And now a Special Comment...
We all know that the trading card business can be a competitive one. So when I read this morning on A Cardboard Problem that Leaf, the trading card company formerly known as Razor, was withholding the final checklist (so as not to tip-off their "competitors," i.e. Topps) on its debut mixed-martial arts trading card set.
Leaf/Razor, of course, is a non-entity in The Hobby; as if buying a dormant brand name somehow adds credibility. "Leaf" is not the same company that produced Frank Thomas's rookie card 20 years ago. It's still the same ol' Razor -- a marginal trading card company with no real licenses, relegated to pseudo-sports and repacking other company's cards.
But sadly, the secrecy they employ is commonplace amongst other, more respectable, trading card companies. Upper Deck lost their MLB license months ago. Yet attempts by your humble correspondent to get Upper Deck to reveal the complete list of 2010 "Double-Take" variation cards, have been for naught. Despite the fact that UD no longer has a baseball license, they still refuse to reveal what the variations are. To their (partial) credit, six months ago, just days after they settled their lawsuit with MLB Properties, they did issue a checklist of what 25-cards are in the set. They have still yet to visually identify what the variations are.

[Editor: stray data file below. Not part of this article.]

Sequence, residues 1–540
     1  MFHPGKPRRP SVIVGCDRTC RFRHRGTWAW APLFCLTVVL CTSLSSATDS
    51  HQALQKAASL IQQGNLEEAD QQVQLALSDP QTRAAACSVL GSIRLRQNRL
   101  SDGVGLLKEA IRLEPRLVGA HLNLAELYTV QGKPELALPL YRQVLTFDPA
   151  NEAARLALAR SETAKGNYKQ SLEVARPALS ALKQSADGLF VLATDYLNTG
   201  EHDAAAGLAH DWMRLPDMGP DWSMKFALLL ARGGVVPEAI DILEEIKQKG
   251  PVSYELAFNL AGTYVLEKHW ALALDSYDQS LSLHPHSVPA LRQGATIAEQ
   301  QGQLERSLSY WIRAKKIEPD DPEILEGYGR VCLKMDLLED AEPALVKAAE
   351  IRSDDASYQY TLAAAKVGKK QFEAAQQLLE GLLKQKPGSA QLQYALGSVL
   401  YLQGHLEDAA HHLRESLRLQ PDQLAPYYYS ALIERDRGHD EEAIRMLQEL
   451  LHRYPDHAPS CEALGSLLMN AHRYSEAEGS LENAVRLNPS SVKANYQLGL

What reason is there for UD's secrecy? Why haven't they identified what the variations are like they said they would?
But Upper Deck no longer has a baseball license. Topps still does, and when it comes to "stealth" inserts and other chicanery, Topps is a serial offender.
Case in point: The "World's Biggest" inserts in year's Allen & Ginter. Are these on the checklist? Were these mentioned on the sell sheet? How about Topps' pathetic excuse of a website?
No. You will not find any mention of these cards. Anywhere. No thanks to Topps, it was us, the collectors, who had to discover for themselves that the first five cards in the set were exclusive to Blaster and retail boxes and the other 20 are only in gravity-feed loosey packs.
Sadly, this is only one example. Remember "Scoreboard Abe?" Topps didn't make any mention of that card until March -- almost two months after the release of Series One Topps.
Why do card companies do this? Why do they keep giving us, the collectors, the people who support them and pay their salaries, "The Mushroom Treatment?"Is it asking too much of Topps, UD, Leaf/Razor, et al, to actually tell us what is in their products, before we buy them? Why do they continue to disrespect collectors like this?
I'm Chris Harris on this, the 386th day since Upper Deck lost their MLB license. Good night and good luck.